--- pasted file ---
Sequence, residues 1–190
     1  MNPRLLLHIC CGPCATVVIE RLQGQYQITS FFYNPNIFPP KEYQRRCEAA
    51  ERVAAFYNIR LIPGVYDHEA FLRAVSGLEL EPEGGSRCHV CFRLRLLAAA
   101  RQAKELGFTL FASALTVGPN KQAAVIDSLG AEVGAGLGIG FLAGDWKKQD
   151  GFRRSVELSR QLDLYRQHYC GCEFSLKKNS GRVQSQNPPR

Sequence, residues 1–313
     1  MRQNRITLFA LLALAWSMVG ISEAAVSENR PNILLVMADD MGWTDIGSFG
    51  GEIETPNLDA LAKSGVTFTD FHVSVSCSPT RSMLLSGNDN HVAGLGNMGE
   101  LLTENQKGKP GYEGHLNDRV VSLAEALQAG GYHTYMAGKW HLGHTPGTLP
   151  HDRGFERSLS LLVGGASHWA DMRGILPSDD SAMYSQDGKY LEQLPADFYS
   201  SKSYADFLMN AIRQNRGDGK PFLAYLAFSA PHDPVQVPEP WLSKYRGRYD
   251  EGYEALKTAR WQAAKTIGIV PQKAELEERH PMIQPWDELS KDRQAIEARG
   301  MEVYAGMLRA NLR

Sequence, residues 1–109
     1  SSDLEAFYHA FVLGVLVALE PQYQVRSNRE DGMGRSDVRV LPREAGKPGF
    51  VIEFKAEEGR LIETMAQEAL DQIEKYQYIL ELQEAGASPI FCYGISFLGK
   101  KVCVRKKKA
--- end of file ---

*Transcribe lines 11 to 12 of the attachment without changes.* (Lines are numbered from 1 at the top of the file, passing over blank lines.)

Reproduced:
   201  SKSYADFLMN AIRQNRGDGK PFLAYLAFSA PHDPVQVPEP WLSKYRGRYD
   251  EGYEALKTAR WQAAKTIGIV PQKAELEERH PMIQPWDELS KDRQAIEARG